You can read too many war comics as a child – as Maurice Lye found out when he explored at Kaitorete Spit, south of Christchurch.
What\'s you story?
Contributed by Maurice Lye of Christchurch.
One day in 1998 or 1999 I was strolling down the beach at Kaitorete Spit, about 50 kilometres south-east of Christchurch, when I spotted something protruding from the damp sand near the low-tide line in the distance. It didn't appear to be the usual driftwood, dead creature or rubbish heaved overboard from a fishing boat.
Curious, I went towards it. However, as I got closer my interest turned to grave concern. Protruding from the sand was about 30 centimetres of black tube, with a rudder and brass propeller on the end. ‘It's a torpedo,’ I thought, and not wanting to obliterate myself and half the beach, I beat a hasty retreat.
About an hour later I arrived home and told the family what I had discovered. Our son, who was about eight at the time, was highly excited. So I took him in to the Christchurch central police station with me to report the find.
We were led through the building to a room that housed maps galore. I explained to them where the object was, and they said they would get onto it straight away. The next day I got a call from the Leeston police asking for the ‘torpedo man’. They had sent an officer out, but he needed a few more directions. Eventually my find was safely recovered. I got another phone call from the police a few days later to tell me that it was actually a device used by fishermen to take nets down deeper. I was a bit disappointed. We eventually got to keep it. It’s in the garage, harming nothing.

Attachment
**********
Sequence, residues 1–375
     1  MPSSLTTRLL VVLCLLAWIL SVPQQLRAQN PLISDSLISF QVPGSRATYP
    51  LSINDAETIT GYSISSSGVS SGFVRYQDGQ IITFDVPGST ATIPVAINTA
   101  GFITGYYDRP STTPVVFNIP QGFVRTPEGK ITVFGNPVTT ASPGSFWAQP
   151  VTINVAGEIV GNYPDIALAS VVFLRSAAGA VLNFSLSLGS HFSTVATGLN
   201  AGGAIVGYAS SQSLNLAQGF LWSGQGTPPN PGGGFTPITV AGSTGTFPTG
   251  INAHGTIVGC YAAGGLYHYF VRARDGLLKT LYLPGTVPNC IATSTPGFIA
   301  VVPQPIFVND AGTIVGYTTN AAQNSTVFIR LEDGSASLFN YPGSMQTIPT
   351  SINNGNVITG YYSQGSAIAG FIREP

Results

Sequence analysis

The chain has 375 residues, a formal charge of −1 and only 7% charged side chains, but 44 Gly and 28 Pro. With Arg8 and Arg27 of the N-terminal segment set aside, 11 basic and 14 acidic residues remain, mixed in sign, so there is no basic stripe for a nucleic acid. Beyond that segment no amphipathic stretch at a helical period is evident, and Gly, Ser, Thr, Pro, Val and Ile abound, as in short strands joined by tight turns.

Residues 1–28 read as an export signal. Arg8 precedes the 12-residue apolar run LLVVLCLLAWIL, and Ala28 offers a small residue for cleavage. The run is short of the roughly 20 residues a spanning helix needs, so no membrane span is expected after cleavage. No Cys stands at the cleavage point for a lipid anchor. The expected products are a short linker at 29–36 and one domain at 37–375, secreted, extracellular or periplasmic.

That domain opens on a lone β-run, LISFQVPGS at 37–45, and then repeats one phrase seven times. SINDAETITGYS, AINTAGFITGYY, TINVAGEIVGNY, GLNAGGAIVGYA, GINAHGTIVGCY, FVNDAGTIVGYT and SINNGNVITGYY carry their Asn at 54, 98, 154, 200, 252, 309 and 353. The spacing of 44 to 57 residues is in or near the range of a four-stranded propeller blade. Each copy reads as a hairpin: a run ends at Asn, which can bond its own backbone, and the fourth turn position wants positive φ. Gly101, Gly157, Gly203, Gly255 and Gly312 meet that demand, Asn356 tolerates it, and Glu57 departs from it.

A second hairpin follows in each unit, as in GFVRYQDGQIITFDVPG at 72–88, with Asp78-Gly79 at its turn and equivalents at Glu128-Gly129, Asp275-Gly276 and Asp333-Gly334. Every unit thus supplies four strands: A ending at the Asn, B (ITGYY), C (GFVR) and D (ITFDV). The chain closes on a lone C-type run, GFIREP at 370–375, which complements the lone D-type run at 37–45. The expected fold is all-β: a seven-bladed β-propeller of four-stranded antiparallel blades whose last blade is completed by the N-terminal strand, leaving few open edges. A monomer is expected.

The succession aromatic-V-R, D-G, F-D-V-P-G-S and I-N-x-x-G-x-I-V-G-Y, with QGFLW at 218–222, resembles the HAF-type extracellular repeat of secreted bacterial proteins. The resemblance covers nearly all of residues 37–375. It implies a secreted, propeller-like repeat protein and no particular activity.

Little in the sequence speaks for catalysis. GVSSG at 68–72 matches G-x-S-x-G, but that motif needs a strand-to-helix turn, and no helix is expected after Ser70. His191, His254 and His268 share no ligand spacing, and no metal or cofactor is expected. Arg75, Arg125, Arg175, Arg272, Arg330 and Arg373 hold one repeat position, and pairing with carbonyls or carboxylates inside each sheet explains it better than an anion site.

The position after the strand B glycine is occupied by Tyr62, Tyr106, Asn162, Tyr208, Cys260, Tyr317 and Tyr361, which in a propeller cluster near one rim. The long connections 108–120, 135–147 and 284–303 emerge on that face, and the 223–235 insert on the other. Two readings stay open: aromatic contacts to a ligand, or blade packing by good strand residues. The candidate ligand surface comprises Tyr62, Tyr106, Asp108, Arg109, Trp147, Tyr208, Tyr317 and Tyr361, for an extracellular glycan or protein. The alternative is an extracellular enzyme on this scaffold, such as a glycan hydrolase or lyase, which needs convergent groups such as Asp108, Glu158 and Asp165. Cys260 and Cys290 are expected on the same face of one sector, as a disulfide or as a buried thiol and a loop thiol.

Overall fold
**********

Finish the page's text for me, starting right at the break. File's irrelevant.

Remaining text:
Te whakamahi i tēnei tūemi
This item has been provided for private study purposes (such as school projects, family and local history research) and any published reproduction (print or electronic) may infringe copyright law. It is the responsibility of the user of any material to obtain clearance from the copyright holder.